Where does he get these ideas?  I mean did he read the bible at all when he was making this movie?  Well, part of it.  He read the first five books.  He also read the Koran, Moses: A Life by Jonathan Kirsch and Louis Ginzberg’s The Legends of the Jews. [4]  Look up Jonathan Kirsch, you’ll find that he’s far from in line with mainstream Christianity as an extra Biblical source of “knowledge”.

While some may view Moses as having a past stricken with violence, what should be the focus of his life?  How should he be remembered?  The Bible tell us.


(Now the man Moses was very meek, above all the men which were upon the face of the earth.) Numbers 12:3

So when Moses is going to tell Ramses all these things are coming, he’s what most people would call crazy.  Here is the definition of schizophrenia:

a long-term mental disorder of a type involving a breakdown in the relation between thought, emotion, and behavior, leading to faulty perception, inappropriate actions and feelings, withdrawal from reality and personal relationships into fantasy and delusion, and a sense of mental fragmentation.

Probably from the bump on the head right?  And what does he mean by mercurial?


And he attributed this to God more than Moses.  So God just changes all the time?  His mind, His mood?

But the Bible says that God does not change!

For I am the LORD, I change not; therefore ye sons of Jacob are not consumed. Malachi 3:6

The bottom line is that Christian Bale was in no way affected positively through this epic cinematic adventure.  What he read to prepare and what he experienced gave him an incorrect picture of God.

Christian Bale does an interview with actor Joel Egerton who plays Ramses.  In the interview he gives an explanation of what the film is designed to do.  The bottom line is that it is to change the viewer.  Ironically this man who plays Moses, you remember, the man who received the 10 commandments from God, he uses the Lords name in vain in that same interview.  Pay close attention to what he says between 3:07 & 3:20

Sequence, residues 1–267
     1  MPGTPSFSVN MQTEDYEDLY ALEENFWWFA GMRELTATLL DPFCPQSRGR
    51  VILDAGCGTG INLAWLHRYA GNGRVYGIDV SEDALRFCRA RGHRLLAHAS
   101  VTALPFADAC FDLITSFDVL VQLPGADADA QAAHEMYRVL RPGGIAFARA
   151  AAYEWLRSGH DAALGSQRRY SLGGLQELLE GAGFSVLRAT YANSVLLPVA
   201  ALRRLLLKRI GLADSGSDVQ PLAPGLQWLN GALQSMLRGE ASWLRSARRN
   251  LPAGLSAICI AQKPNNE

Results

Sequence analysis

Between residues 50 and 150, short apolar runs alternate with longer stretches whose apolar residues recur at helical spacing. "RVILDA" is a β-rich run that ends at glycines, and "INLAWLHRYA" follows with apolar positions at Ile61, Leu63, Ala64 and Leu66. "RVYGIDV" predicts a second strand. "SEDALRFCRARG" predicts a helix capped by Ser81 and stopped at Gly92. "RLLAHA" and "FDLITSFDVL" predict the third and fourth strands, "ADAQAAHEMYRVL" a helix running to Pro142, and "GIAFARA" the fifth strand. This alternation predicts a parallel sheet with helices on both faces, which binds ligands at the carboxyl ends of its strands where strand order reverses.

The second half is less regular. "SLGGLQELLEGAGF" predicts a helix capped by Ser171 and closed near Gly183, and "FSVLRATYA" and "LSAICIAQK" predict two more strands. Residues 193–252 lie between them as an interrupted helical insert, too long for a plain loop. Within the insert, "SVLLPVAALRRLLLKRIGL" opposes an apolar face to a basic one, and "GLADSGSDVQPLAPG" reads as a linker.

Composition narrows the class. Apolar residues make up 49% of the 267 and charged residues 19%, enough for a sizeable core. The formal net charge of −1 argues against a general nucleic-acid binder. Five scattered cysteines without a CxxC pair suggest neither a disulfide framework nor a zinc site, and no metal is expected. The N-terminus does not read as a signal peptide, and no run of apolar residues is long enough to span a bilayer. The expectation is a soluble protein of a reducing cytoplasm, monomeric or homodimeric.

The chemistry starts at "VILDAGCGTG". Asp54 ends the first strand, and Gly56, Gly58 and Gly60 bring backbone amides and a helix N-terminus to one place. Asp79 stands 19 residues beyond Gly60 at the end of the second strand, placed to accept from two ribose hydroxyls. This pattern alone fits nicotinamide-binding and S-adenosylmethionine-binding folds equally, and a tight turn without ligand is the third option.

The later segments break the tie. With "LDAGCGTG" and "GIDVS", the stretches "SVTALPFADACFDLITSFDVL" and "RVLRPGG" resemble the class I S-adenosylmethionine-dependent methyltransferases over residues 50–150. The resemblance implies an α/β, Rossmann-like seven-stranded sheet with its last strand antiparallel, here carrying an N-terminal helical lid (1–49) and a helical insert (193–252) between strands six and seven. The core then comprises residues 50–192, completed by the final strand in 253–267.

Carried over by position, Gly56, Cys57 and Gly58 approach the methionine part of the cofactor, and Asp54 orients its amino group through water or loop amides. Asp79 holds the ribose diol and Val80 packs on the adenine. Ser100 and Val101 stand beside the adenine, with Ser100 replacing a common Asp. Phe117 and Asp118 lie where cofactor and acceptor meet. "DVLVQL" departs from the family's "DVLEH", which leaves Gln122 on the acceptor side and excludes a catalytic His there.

Should we expect anything less from a director who thinks religion is the biggest source of all evil?

Here is a dialog Ridley Scott had with Esquire Magazine.

RS: That’s hard to say. [Long pause] I do despair. That’s a heavy word, but picking up a newspaper every day, how can you not despair at what’s happening in the world, and how we’re represented as human beings? The disappointments and corruption are dismaying at every level. And the biggest source of evil is of course religion.

ES: All religions?

RS: Can you think of a good one? A just and kind and tolerant religion?

ES: Not off the top of my head, no.

RS: Everyone is tearing each other apart in the name of their personal god. And the irony is, by definition, they’re probably worshipping the same god.

Hollywood doesn’t see the gospel in it’s true light.  It doesn’t see a crucified and risen Savior with His arms of love open to humanity.

Therefore it only promotes violence, anger and vengeance on the silver screen.

Take an exodus from their twisted depictions of the Bible, save yourself some money and disappointment.

[1] http://www.christianheadlines.com/blog/survey-claims-christians-demand-accuracy-for-biblical-films.html

[2] http://insidemovies.ew.com/2014/10/23/ridley-scott-red-sea-exodus/

[3] http://www.hollywoodreporter.com/news/christian-bale-calls-moses-barbaric-743874



Coming Soon.

LED – Light Exposing Darkness

A new video series by Little Light Studios.